By Gintautas Dumcius


STATE HOUSE -- Workers at Boston fast food restaurants on Thursday are expected to launch another round of walk-outs.

Bay State employees at McDonald's, Burger King, Wendy's and Dunkin' Donuts will join fast food workers in 150 other U.S. cities who will walk off their jobs as part of a bid for higher pay, organizers say.

There are more than 42,000 fast food workers in Boston, earning a median wage of $9.30 an hour, according to MassUniting, a coalition of labor and community groups backing the workers.

The fast food workers are pushing for unionization and $15 an hour. They are expected to be joined by clergy, elected officials, and home care workers, organizers say.

The latest planned walk-out comes after a series of strikes across the country over the last two years, as workers seek to put pressure on employers like McDonald's to raise wages.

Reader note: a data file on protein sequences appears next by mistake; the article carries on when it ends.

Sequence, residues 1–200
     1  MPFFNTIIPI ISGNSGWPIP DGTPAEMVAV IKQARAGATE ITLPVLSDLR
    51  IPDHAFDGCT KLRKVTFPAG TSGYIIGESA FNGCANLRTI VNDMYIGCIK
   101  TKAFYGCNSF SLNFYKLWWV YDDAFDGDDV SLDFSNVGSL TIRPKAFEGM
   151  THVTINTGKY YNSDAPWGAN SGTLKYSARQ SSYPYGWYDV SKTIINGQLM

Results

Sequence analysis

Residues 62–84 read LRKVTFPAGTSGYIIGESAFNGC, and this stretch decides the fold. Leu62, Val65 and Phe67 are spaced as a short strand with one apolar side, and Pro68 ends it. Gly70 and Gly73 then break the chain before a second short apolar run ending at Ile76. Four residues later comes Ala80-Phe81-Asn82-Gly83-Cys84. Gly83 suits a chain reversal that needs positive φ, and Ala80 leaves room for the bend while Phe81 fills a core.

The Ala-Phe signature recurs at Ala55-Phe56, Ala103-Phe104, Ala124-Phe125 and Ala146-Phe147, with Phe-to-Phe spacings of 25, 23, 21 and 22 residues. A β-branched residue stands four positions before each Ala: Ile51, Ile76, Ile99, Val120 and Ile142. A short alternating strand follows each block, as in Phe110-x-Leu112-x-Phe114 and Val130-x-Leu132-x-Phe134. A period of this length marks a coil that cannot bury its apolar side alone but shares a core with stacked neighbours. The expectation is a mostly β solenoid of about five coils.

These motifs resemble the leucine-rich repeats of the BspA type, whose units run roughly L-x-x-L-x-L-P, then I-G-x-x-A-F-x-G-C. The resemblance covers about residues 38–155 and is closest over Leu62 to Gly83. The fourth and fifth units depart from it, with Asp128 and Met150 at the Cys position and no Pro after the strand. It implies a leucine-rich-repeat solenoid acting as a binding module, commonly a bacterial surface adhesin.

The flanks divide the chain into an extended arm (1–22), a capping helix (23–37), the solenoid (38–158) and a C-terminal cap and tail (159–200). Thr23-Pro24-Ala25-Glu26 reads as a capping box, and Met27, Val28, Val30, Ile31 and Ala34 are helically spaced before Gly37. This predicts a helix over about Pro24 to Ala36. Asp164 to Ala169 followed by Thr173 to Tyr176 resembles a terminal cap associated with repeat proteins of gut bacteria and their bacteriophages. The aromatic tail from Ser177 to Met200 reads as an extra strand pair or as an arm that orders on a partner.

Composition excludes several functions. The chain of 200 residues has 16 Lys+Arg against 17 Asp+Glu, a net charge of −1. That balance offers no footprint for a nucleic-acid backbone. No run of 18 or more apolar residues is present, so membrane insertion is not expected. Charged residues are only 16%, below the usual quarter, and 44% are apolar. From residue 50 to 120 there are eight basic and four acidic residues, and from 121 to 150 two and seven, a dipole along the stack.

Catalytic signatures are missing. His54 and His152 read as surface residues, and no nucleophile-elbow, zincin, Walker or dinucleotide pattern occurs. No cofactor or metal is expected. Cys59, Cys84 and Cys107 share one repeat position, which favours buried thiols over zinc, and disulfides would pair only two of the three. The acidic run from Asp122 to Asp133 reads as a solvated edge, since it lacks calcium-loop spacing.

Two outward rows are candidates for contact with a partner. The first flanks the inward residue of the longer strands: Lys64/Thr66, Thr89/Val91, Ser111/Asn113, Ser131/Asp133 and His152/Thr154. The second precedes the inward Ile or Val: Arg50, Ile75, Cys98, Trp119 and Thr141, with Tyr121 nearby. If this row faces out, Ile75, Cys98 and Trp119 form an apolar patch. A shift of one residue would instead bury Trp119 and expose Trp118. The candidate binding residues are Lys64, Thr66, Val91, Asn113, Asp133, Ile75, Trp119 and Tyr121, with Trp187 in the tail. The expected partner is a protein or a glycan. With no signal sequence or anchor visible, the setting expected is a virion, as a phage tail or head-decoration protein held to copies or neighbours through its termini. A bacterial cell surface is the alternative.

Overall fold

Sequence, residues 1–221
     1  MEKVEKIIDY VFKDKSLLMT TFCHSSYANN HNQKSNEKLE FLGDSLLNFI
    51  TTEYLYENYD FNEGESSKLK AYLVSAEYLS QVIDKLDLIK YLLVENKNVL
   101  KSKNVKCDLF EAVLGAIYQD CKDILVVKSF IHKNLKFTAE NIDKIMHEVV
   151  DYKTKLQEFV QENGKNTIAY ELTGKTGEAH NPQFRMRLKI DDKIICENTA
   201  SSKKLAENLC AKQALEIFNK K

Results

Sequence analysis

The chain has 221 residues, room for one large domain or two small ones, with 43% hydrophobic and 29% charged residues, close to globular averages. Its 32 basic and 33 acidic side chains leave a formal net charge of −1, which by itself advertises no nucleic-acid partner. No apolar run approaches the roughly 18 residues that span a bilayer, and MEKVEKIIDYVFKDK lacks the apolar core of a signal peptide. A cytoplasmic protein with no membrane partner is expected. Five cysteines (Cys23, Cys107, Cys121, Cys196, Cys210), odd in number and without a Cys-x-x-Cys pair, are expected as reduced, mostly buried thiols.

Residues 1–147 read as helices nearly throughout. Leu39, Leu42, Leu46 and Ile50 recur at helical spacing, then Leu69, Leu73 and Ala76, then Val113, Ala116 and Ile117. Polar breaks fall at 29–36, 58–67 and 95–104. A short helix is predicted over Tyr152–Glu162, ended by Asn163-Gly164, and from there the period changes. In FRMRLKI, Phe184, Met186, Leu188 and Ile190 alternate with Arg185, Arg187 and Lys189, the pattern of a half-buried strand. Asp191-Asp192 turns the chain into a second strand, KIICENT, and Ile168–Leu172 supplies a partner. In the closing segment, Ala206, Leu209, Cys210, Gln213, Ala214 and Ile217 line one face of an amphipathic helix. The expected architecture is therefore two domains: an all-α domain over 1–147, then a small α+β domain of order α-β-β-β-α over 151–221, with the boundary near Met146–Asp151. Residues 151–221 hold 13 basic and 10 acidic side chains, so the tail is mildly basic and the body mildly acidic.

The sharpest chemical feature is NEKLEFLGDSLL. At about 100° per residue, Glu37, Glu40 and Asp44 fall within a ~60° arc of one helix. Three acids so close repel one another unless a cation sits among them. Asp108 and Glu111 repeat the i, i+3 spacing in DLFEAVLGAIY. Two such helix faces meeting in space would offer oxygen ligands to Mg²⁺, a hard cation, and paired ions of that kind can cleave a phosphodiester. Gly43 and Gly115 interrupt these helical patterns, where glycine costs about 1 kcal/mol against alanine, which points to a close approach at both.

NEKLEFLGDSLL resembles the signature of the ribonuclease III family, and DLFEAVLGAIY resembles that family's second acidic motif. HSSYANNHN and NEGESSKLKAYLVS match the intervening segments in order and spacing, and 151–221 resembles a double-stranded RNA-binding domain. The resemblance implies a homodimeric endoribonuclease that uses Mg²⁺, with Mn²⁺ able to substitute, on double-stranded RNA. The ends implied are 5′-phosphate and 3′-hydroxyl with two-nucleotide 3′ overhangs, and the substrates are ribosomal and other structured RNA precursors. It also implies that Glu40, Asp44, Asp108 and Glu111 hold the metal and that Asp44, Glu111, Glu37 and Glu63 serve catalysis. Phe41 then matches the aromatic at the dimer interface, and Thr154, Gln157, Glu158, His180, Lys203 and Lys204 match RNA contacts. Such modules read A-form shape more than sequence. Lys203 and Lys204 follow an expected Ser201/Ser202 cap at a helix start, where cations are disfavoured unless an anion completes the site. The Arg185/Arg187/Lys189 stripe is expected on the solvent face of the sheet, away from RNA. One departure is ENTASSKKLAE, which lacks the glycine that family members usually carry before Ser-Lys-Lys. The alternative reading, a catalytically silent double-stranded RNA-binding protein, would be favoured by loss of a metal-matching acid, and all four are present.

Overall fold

"It's not possible to live on what we're making now," said Kyle King, a 46-year-old Roxbury resident who has worked at a Burger King in Boston for 10 years.

King said he and others have mounted strikes four times over the last year, and he has seen his wage recently rise to $9 from $8.15 partly as a result. "We're hoping to get our message across and intensify the whole thing," he told the News Service on Wednesday.

Fast food workers have hailed a July ruling from the National Labor Relations Board's general counsel, saying that McDonald's can be held liable as a joint employer with franchisees on wage and workers' rights issues.


"We've had some small victories over the last couple of months but it's not enough," King said. "We need a living wage. Not a part-time wage, a living wage."

The Massachusetts minimum wage, under a law approved this summer, is scheduled on Jan. 1, 2015 to rise from $8 to $9 an hour, increasing to $10 an hour on Jan. 1, 2016 and $11 an hour Jan. 1, 2017.